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The AM Show
Bernadine Oliver-Kerby, Ryan Bridge, Melissa Chan-Green and William Waiirua host Three’s new AM show. Image: Supplied/Tina Tiller

BusinessFebruary 7, 2022

Breakfast TV wars: Is ‘ruthless’ Melissa Chan-Green the X factor that will help AM win?

The AM Show
Bernadine Oliver-Kerby, Ryan Bridge, Melissa Chan-Green and William Waiirua host Three’s new AM show. Image: Supplied/Tina Tiller

New look, new hosts, new vibe. From Tuesday, Three’s AM is taking on TVNZ’s Breakfast head-to-head. Can it hold its own?

Melissa Chan-Green is a 15-year TV news veteran, a calming screen presence known for being stoic in the face of chaos. According to her friend and new morning show co-host Ryan Bridge, there’s another side to the presenter that viewers haven’t yet had the chance to explore.

“She’s fucking funny,” says Bridge. “She can be ruthless. She can be hilarious    there’s a whole different side to Mel that maybe people haven’t seen.”

Bridge and everyone else putting Three’s morning show reboot AM together have high hopes that Chan-Green has the X Factor that will bolster the show’s fortunes when it debuts on Tuesday. 

No pressure, but it needs the boost: AM is up against the bigger, flashier Breakfast, the consistent ratings winner that returned last week with its superstar line-up that includes the veteran broadcaster John Campbell, plenty of pep and the strangest, most expensive set ever seen on a New Zealand morning news show. 

Don’t count AM out early. Joining Chan-Green and Bridge on their four-strong team is news junkie Bernadine Oliver-Kerby, who will host her own half-hour show at 5.30 before joining AM at 6am, and social media star William Waiirua, the show’s roving weather presenter.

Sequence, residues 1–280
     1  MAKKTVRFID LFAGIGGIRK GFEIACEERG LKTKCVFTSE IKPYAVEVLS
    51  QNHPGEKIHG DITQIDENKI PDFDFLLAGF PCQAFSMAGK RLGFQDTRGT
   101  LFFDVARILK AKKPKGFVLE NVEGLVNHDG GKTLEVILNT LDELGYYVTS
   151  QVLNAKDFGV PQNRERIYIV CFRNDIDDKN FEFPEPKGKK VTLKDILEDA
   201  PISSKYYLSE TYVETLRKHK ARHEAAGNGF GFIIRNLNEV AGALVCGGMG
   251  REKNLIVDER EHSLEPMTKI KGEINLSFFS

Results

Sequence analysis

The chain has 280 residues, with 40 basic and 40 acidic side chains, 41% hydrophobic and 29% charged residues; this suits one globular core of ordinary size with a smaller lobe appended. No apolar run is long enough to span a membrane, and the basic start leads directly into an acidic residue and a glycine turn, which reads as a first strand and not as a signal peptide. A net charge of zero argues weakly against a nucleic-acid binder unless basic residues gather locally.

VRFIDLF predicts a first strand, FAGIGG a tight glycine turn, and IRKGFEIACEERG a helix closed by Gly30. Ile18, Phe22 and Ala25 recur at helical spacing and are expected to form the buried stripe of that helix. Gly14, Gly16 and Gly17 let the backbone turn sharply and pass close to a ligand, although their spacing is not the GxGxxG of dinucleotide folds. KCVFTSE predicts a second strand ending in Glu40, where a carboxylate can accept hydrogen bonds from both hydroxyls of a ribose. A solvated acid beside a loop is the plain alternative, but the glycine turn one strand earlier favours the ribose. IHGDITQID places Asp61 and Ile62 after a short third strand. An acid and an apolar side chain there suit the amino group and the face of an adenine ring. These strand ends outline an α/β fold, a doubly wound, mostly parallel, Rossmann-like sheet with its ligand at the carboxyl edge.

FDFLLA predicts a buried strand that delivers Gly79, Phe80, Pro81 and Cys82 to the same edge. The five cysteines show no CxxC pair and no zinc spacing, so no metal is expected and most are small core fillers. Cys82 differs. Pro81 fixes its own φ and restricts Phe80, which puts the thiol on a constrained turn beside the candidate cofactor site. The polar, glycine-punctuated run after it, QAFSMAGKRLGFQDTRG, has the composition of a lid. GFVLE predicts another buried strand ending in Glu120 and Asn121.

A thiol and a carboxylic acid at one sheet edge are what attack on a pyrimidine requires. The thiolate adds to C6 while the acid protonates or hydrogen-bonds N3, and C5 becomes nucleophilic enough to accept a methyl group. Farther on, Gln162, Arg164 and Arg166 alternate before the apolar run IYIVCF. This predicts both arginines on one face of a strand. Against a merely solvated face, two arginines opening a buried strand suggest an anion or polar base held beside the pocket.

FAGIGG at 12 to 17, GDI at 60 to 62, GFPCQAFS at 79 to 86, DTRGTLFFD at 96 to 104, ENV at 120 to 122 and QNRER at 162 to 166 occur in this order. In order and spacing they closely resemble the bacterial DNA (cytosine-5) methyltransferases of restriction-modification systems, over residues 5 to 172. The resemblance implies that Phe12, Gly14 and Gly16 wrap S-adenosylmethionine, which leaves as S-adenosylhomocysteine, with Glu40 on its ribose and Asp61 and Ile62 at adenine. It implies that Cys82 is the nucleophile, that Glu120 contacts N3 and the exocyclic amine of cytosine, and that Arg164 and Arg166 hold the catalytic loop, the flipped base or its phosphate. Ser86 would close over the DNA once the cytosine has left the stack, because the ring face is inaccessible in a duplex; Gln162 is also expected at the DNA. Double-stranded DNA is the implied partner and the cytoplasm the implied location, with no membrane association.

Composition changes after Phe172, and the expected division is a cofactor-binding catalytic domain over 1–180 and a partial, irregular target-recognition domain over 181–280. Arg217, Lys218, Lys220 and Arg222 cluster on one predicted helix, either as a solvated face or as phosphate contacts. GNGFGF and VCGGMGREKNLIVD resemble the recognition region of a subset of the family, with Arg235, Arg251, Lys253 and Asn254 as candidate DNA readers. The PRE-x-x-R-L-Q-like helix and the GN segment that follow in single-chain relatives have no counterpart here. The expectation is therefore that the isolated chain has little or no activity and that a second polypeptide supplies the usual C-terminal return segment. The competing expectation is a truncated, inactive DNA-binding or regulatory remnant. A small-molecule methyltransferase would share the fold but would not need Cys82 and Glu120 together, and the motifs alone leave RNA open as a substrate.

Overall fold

This, it seems, is Three’s biggest shot yet at putting together a fully-fledged rival for Breakfast after more than a decade of attempts. It entered the morning TV fray in 2007 with Sunrise, Carly Flynn and Oliver Driver’s upbeat, lightweight offering that lasted three years. Paul Henry then gave Breakfast a run for its money with his self-titled 2015 show which aired simultaneously on Radio Live.  

Since then, The Am Show’s Duncan Garner, Mark Richardson and Amanda Gillies fronted a programme that felt curiously out of time, yet sparked continual headlines over their increasingly opinionated hot takes. Stuff reporters kept a close eye on the show,  writing up everything from Richardson’s views on Covid-19, to speculation over his bloodshot eyes.

Mark Richardson and Amanda Gillies on The AM Show, April 2021 (Image: screengrab).

With its latest reboot, AM’s Chan-Green is the mystery presence. She’ll be letting her personality shine – and that has everyone excited. After stints as a 6pm reporter, Three’s European correspondent, and fronting the weekend news, she’s stepping into a role more challenging than anything she’s done before: three hours of live, unscripted TV every weekday. 

In short, she can’t hide. She doesn’t want to. “With age … I’ve let go of caring what people think about me so much,” she says. Her two year-old son helped change her stance. She cares less about the haters. “With kids, it puts a new perspective on what’s important and where my energy should go. I’m more comfortable in my skin.”